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Given n objects held by n people, how to find the total number of valid exchanges, where a valid exchange means that all persons hold different objects after the exchange?

eg for 4 objects 1 2 3 4: valid exchanges are:

2 1 4 3

2 3 4 1

2 4 1 3

3 1 4 2

3 4 1 2

3 4 2 1

4 1 2 3

4 3 1 2

4 3 2 1

Therefor the total number of valid exchanges are 9.

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marked as duplicate by JMoravitz combinatorics Jun 28 at 12:19

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  • $\begingroup$ There are $!n$ such "exchanges" which are more commonly known as derangements. $\endgroup$ – JMoravitz Jun 28 at 12:18
  • $\begingroup$ I don't really get it. Why aren't there any configurations where the first one is holding the first object? For example after 4 3 1 2 you could exhange so that the new one is 1 2 4 3 $\endgroup$ – Matti P. Jun 28 at 12:19
  • $\begingroup$ what does !n mean, is it the same as n! ? $\endgroup$ – VishnuVS Jun 28 at 12:19
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    $\begingroup$ No, $!n$ is not the same as $n!$. Read the link I posted in my comment above for the wikipedia article or read the answers in the linked post that I closed this as a duplicate of. Reading the word aloud, $!n$ is read as "n subfactorial" which is different than $n!$ which is "n factorial." The notation $!n$ is used to notate the solution to exactly the problem you are asking to count. Methods of actually calculating the values are given again in both links I provided. $\endgroup$ – JMoravitz Jun 28 at 12:21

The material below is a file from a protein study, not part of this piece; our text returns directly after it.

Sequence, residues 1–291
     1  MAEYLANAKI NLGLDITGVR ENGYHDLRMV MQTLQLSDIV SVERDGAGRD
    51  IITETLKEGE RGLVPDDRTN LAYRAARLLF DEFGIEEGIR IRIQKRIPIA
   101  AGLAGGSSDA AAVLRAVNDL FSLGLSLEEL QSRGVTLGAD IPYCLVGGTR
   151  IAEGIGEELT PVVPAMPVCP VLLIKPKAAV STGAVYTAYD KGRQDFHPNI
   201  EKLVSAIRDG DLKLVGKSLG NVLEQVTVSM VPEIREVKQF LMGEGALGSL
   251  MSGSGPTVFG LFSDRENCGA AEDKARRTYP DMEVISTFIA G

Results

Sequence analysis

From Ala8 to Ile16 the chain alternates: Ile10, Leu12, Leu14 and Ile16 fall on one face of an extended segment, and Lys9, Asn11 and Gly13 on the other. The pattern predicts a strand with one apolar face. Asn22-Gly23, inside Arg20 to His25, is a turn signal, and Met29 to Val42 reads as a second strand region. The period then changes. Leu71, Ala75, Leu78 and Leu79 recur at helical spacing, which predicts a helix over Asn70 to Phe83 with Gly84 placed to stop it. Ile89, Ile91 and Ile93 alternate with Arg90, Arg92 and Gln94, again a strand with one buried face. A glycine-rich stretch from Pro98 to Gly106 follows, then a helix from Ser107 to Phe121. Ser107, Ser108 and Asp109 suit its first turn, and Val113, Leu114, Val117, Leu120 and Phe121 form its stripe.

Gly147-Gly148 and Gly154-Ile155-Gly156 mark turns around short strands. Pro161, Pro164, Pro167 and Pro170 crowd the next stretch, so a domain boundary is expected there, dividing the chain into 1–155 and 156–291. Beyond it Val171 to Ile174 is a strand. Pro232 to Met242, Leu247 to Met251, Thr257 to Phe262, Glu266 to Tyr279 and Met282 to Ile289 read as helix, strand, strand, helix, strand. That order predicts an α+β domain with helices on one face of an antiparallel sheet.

• $\begingroup$ @MattiP. it is not a sequence, these are the possible exchanges after 1 2 3 4. 1 2 4 3 is not poossible because 1 and 2 are with the same person. $\endgroup$ – VishnuVS Jun 28 at 12:21

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